Types of chemical Equilibrium with Examples Definition

Types of chemical equilibrium
In the chemical industry, knowledge of chemical equilibrium is essential to obtain synthesis with better yields. Source: Pxhere.

Once the chemical equilibrium is established, no further changes or responses can be obtained unless it is disrupted or affected by external actions. Thus, in the synthesis of a product, several parameters such as pressure, volume or temperature are modified , so that the maximum amount of product is generated in equilibrium.

Otherwise, in equilibrium the quantities of products will be unsatisfactory; that is, it will have a poor reaction yield. That is why chemical balance is vital for the chemical industry, and in general for any synthesis regardless of its scale.

In the chemical equilibrium there may be more quantity of products, or else more quantity of reactants. It all depends on where the balance is shifted. Taking into account several factors, an equilibrium can be shifted in either direction of the double arrow in the reversible reaction.

Explanation of chemical equilibrium (Types of chemical equilibrium)

Before balance

To understand what chemical equilibrium is, consider the following reversible reaction:

2 O 4 (g) ⇌ 2 NO 2 (g)

2 O 4 gas is colorless, while NO 2 gas is brown or brown in color. If a certain amount of N 2 O 4 is injected into a vial or small container , it will be colorless until equilibrium is established.

On the left of the upper image, it can be seen that almost all the molecules are N 2 O 4 and that the NO 2 concentration is zero.

Two graphs are also shown above that represent the trend in equilibrium, with the dotted line indicating the position at the moment when only N 2 O 4 is injected . One graph corresponds to Concentration vs. Time (bottom left hand) and the other corresponds to the graph at Speed ​​vs. Time (lower right hand).

The concentration of N 2 O 4 , [N 2 O 4 ] (blue line) will gradually decrease, since part of it will dissociate to produce NO 2 molecules . Thus, with the concentration of NO 2 , [NO 2 ] (red line) equal to zero at first, it will soon increase as the N 2 O 4 dissociates.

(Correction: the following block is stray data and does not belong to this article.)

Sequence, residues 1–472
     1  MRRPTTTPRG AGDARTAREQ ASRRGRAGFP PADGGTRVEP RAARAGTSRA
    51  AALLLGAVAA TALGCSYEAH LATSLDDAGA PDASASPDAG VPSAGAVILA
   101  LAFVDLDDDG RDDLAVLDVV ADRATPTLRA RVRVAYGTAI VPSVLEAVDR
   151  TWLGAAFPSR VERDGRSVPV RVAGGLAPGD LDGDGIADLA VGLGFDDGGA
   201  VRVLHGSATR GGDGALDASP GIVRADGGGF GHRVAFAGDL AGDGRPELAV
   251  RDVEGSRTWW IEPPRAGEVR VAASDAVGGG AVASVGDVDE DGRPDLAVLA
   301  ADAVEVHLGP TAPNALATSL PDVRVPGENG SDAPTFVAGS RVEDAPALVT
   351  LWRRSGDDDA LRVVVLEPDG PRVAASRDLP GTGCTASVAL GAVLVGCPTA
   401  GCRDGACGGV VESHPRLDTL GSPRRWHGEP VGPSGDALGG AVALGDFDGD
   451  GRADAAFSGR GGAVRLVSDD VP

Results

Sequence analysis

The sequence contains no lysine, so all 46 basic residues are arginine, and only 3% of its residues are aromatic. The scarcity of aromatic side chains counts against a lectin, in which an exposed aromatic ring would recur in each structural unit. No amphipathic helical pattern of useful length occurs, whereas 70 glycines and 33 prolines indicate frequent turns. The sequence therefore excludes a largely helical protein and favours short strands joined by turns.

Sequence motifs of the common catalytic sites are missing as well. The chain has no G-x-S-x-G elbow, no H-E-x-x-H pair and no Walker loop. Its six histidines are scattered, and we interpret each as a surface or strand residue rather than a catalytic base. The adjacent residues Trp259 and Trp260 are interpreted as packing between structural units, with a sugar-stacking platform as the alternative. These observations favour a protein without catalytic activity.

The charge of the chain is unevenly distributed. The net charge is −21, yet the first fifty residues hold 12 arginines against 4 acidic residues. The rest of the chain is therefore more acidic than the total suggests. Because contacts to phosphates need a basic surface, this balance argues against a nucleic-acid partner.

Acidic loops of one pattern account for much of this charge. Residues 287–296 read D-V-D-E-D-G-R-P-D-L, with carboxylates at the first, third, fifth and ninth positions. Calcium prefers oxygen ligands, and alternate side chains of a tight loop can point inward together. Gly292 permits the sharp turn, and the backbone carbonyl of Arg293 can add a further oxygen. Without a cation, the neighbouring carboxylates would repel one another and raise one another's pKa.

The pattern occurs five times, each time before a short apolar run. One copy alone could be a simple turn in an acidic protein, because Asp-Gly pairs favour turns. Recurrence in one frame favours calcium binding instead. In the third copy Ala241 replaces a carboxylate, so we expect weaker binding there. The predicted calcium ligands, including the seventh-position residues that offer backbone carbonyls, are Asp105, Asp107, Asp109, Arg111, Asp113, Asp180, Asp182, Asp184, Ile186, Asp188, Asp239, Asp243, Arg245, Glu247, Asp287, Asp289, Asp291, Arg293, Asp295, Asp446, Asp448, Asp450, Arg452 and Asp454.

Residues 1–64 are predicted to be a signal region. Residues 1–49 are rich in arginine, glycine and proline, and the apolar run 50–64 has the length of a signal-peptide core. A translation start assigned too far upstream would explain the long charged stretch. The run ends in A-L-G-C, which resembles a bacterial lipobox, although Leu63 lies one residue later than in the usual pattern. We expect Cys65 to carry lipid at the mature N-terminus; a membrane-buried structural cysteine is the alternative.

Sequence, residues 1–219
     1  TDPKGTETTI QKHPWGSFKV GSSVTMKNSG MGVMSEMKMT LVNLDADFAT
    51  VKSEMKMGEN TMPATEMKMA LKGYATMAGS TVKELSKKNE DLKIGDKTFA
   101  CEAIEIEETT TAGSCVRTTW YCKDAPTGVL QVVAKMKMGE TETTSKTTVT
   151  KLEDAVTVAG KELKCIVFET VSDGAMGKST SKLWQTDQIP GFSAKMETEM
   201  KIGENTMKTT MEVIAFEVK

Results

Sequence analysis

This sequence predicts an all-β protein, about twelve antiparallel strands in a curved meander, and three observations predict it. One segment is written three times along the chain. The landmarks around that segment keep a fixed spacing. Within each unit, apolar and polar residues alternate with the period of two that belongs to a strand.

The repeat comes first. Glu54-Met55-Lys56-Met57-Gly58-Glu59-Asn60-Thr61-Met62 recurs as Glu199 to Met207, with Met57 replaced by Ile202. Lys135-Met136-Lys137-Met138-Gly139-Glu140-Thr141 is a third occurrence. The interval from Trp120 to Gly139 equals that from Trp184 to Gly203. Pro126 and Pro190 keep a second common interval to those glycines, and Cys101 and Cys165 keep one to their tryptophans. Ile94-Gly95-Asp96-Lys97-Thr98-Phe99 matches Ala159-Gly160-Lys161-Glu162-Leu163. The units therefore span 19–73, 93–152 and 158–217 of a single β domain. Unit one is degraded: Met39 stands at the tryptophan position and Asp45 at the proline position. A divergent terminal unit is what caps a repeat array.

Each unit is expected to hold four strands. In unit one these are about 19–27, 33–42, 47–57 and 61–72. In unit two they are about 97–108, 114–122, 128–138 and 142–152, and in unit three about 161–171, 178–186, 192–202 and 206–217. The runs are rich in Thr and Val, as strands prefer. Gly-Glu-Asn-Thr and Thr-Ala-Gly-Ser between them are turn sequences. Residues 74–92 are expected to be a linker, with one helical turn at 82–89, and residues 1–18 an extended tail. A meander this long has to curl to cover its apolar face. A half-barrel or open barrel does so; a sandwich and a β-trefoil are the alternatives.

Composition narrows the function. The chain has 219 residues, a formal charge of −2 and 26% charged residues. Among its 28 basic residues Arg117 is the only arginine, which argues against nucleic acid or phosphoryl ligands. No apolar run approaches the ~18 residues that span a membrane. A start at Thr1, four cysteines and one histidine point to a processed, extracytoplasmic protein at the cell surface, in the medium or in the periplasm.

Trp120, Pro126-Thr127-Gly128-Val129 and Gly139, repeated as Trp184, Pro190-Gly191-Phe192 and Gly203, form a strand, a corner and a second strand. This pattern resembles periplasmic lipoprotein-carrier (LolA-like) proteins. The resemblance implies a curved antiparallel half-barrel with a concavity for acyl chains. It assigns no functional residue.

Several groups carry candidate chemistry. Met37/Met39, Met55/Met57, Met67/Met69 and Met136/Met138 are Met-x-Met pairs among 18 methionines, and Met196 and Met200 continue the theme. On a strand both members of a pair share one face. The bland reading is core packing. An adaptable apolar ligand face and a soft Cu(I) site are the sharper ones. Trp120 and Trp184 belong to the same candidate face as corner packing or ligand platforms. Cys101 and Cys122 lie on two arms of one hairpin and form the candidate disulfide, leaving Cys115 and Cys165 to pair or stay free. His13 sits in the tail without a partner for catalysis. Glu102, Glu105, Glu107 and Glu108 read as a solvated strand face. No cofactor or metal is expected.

However, it is a reversible reaction: part of the NO 2 molecules will bind to form N 2 O 4 again . Thus, there will be two reactions, the direct and the inverse, each with its own speeds.

Reaction rates

At first, the rate of consumption of N 2 O 4 is higher than the rate of consumption of NO 2 . Obviously, since there is only N 2 O 4 , the few molecules formed from NO 2 will hardly be able to meet each other to react. At this point, the vial will start to turn orange, because you have a mixture of N 2 O 4 and NO 2 .

Gradually, as there are more NO 2 molecules in the vial and the N 2 O 4 molecules dissociate, the rates of the two reactions will become equal, even as the concentrations differ from each other more and more. That is, [NO 2 ] tends to be greater than [N 2 O 4 ], which is why the red line is above the bluish line.

Note that the speed becomes dC / dt, that is, the change in concentration with respect to time. That is why the two C vs. t and V vs. t are not identical.

On balance

Once the pair N 2 O 4 -NO 2 establishes the equilibrium, the speeds of both reactions will equalize and the following mathematical expressions will be obtained:

Direct V = k 1 [N 2 O 4 ]

Inverse V = k -1 [NO 2 ] 2

direct = inverse

1 [N 2 O 4 ] = k -1 [NO 2 ] 2

1 / k -1 = [NO 2 ] 2 / [N 2 O 4 ]

eq = [NO 2 ] 2 / [N 2 O 4 ]

At this point, the vial will stain even more brown, as the equilibrium is further shifted towards the formation of [NO 2 ]. That is, K eq , the equilibrium constant, must be greater than 1 taking into account the higher ratio, [NO 2 ] 2 / [N 2 O 4 ].

At equilibrium, the concentrations [N 2 O 4 ] and [NO 2 ] remain constant, with both reactions happening at the same speed: as soon as a certain amount of N 2 O 4 is dissociated , the same amount will be produced again immediately because of the reaction of a certain amount of NO 2 .

For this reason, it is said that the chemical equilibrium is dynamic: the molecules N 2 O 4 and NO 2 continue to participate in the reactions even when there is no change in their concentrations.

And since the reaction rates are the same for both directions, the red and blue lines in the V vs. t touch on a horizontal line.